Ready to add some brand-new books to your bedside table? Find your next read in this roundup of our favorite April titles, featuring a moving memoir by an acclaimed poet, a look into the royal marriage that may have “saved the monarchy,” a guide to making meaningful friendships as an adult, and more.
You Could Make This Place Beautiful, by Maggie Smith
You may have read Maggie Smith’s moving poem “Good Bones,” about both the fears and hopes she holds for her children. The piece went viral in 2016, launching the author into the public eye, while also serving as a catalyst for the eventual dissolution of her marriage. In her new memoir, Smith recounts the heartbreak yet ultimate self-reclamation that followed, writing in “lyrical vignettes that shine, hard and clear as jewels.”
Built to Move: The Ten Essential Habits to Help You Move Freely and Live Fully, by Kelly and Juliet Starrett
Married couple and “mobility pioneers” Kelly and Juliet Starrett have been helping Navy Seals and Olympic athletes take control of their physical well-being for decades. Now, they’re sharing the knowledge they’ve gained from that experience through 10 practices designed to counteract the effects of sedentary lifestyles or improve existing routines, helping readers feel free and comfortable in their bodies.
Choosing to Run: A Memoir, by Des Linden
On April 16, 2018, Olympic runner Des Linden became the first American woman to win the Boston Marathon in 33 years. In her new memoir, she details the path she took to that achievement: the challenges she faced during her long athletic career, her experiences at two different Olympic games, and the values and relationships that have shaped the person she’s become.
Romantic Comedy, by Curtis Sittenfeld
Selected by Reese Witherspoon for her book club, Romantic Comedy follows a late-night sketch show writer who knows all too well the conventions of the film genre that gives the novel its name. So when she meets a “dreamy pop star” with a penchant for dating models, our cynical protagonist is forced to reckon with the idea that real life can sometimes be just like the movies.
The older we get, the harder it can sometimes seem to form lasting friendships, despite the fact that our need for connection doesn’t diminish with age. Lane Moore takes an “intimate, yet wildly funny” look at why that is, and what we can do to change it. “Part memoir, part self-help,” You Will Find Your People offers encouragement and provides tangible tools readers can use to nurture new and existing friendships.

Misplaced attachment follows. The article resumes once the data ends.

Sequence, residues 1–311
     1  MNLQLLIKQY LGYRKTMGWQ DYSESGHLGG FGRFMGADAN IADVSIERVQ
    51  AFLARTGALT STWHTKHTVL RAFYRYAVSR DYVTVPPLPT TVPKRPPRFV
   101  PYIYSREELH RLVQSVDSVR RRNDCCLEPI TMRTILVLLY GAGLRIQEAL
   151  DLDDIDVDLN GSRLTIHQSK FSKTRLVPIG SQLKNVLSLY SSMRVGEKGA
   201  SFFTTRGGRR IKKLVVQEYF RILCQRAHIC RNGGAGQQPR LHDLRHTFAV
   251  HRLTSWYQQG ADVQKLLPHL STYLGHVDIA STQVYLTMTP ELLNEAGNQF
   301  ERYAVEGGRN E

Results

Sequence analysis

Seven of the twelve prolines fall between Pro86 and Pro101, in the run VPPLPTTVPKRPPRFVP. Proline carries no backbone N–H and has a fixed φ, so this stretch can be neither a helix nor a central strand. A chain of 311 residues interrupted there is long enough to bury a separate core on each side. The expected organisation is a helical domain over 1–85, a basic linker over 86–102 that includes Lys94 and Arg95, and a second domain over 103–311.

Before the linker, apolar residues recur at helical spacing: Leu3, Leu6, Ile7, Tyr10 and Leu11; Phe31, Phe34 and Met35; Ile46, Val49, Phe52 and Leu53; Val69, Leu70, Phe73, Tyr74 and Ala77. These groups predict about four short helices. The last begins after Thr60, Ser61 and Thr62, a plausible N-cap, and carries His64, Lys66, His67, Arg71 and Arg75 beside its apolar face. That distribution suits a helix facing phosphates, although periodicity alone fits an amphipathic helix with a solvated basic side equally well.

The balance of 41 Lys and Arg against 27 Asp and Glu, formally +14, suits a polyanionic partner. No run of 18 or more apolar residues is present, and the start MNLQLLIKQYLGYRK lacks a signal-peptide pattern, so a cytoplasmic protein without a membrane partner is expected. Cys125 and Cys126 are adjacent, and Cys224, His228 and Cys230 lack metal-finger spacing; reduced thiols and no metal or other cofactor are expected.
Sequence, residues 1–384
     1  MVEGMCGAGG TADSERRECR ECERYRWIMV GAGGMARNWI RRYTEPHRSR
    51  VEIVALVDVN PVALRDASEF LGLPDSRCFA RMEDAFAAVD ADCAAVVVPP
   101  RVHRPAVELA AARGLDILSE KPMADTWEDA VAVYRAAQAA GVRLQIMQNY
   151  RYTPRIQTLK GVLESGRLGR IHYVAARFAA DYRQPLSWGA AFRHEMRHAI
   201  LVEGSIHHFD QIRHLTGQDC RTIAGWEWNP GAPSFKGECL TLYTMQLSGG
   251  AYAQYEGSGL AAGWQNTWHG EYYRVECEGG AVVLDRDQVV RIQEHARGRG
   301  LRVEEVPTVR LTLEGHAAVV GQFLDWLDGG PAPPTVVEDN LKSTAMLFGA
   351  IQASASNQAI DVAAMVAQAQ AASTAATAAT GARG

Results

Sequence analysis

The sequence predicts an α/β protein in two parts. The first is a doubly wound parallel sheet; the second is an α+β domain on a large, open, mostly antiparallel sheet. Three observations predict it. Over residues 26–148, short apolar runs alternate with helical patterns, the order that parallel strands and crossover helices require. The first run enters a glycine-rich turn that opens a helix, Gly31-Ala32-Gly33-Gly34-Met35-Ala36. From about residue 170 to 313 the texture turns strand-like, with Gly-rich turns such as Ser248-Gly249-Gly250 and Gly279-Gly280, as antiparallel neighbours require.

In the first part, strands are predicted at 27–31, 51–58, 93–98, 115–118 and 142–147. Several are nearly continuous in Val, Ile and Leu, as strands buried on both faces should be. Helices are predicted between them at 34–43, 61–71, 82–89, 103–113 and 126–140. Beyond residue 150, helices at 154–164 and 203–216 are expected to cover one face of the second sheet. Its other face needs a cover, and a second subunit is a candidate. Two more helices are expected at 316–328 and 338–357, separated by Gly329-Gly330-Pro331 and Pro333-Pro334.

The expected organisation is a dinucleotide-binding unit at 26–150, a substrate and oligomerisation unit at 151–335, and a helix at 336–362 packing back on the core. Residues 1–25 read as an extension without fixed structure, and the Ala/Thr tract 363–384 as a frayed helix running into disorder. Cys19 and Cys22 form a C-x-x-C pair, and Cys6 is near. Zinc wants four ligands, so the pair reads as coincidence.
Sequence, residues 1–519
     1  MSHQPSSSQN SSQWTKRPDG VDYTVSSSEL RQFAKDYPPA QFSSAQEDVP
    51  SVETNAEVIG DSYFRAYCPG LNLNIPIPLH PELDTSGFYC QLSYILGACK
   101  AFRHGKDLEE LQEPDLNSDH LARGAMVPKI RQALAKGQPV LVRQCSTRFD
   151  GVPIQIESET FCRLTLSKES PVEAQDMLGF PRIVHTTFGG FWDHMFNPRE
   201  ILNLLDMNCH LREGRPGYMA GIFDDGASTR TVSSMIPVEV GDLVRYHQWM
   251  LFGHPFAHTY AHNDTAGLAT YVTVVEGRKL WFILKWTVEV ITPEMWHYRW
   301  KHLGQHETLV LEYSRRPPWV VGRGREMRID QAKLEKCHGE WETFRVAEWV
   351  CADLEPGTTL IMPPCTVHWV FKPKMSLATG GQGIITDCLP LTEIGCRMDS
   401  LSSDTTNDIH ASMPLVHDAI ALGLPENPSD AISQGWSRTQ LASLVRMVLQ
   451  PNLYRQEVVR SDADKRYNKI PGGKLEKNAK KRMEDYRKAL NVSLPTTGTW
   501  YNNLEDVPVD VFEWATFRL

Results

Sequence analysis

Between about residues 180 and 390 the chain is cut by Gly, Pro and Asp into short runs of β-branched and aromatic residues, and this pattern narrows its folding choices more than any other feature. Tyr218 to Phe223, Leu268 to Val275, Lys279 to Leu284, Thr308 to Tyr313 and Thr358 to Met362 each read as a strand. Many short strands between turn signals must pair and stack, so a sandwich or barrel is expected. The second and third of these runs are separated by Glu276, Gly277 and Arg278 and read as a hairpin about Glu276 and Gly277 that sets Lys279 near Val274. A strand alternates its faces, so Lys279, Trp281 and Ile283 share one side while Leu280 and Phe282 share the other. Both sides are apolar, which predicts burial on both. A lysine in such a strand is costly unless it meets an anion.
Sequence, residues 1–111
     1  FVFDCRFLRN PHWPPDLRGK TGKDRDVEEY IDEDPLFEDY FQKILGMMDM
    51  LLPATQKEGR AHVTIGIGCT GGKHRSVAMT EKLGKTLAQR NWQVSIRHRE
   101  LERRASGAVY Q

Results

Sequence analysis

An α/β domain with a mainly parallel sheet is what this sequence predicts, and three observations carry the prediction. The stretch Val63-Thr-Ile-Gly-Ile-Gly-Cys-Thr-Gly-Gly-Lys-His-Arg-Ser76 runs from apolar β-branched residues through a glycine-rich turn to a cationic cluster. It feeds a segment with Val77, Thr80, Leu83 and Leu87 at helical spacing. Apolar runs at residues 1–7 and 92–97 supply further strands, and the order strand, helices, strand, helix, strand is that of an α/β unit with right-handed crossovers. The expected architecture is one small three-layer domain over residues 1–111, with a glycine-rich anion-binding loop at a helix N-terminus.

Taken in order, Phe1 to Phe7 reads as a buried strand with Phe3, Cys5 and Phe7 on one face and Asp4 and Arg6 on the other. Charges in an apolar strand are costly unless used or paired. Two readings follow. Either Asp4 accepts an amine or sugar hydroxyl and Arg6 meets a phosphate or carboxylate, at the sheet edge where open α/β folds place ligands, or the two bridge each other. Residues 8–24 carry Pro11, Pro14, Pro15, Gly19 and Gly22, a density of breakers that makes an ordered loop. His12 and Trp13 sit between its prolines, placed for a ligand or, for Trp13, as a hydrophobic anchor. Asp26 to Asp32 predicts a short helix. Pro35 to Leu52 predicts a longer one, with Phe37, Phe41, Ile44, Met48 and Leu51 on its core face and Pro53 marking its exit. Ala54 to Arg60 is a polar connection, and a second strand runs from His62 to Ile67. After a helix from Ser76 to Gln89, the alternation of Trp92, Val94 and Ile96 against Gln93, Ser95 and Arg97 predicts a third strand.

George VI and Elizabeth: The Marriage That Saved the Monarchy, by Sally Bedell Smith
Go inside the nearly three-decade marriage of King George VI and Queen Elizabeth, gleaning insight on the love story that helped bolster the public’s faith in the crown after King Edward VIII’s abdication and through World War II. Including details about their courtship, parenting, and political relationships, the book gives readers an intimate look at the couple’s “lives, struggles, hopes, and triumphs.”
The Language of Trees: A Rewilding of Literature and Landscape, by Katie Holten
“An astonishing fusion of storytelling and art and a deeply beautiful celebration of trees through the ages,” this collection of writing features over 50 contributing writers, including Plato, acclaimed authors Zadie Smith and Ursula K. Le Guin, and the band Radiohead. Each selection is beautifully illustrated by artist and activist Katie Holten.
Things I Wish I Told My Mother, by Susan Patterson and Susan DiLallo
Bestselling author Susan Patterson and humor columnist Susan DiLallo team up with Patterson’s husband, the popular mystery writer James Patterson, to bring readers this heartfelt novel about a mother-daughter vacation in Paris, complete with a “giant Pattersonian twist at the end.”
Humans have been compiling, sharing, and devouring information since the beginning of civilization, communicating knowledge using cuneiform writings back in Babylon all the way through to Wikipedia entries on our personal computers. Author Simon Winchester details that vast history while pondering where humanity is headed in its quest to disseminate wisdom, and whether or not we’ll stop learning as much on our own as data becomes easier and easier to access externally.
Yours Truly, by Abby Jimenez
Another funny romance novel to round out our list, Yours Truly explores the relationship between a doctor going through a divorce while dealing with her brother’s impending kidney surgery, and the handsome-yet-infuriating new colleague with whom she’s competing to become chief of emergency medicine.
True West: Sam Shepard’s Life, Work, and Times, by Robert Greenfield
Acclaimed playwright and actor Sam Shepard’s life and storied career may be as worthy of the stage as any of the dramas he wrote before his death in 2017. Biographer Robert Greenfield tracks Shepard’s journey from artsy New York and London theater to the bright lights of Hollywood, exploring his relationships with figures like Bob Dylan, Patti Smith, and Jessica Lange to form a complete picture of this American icon.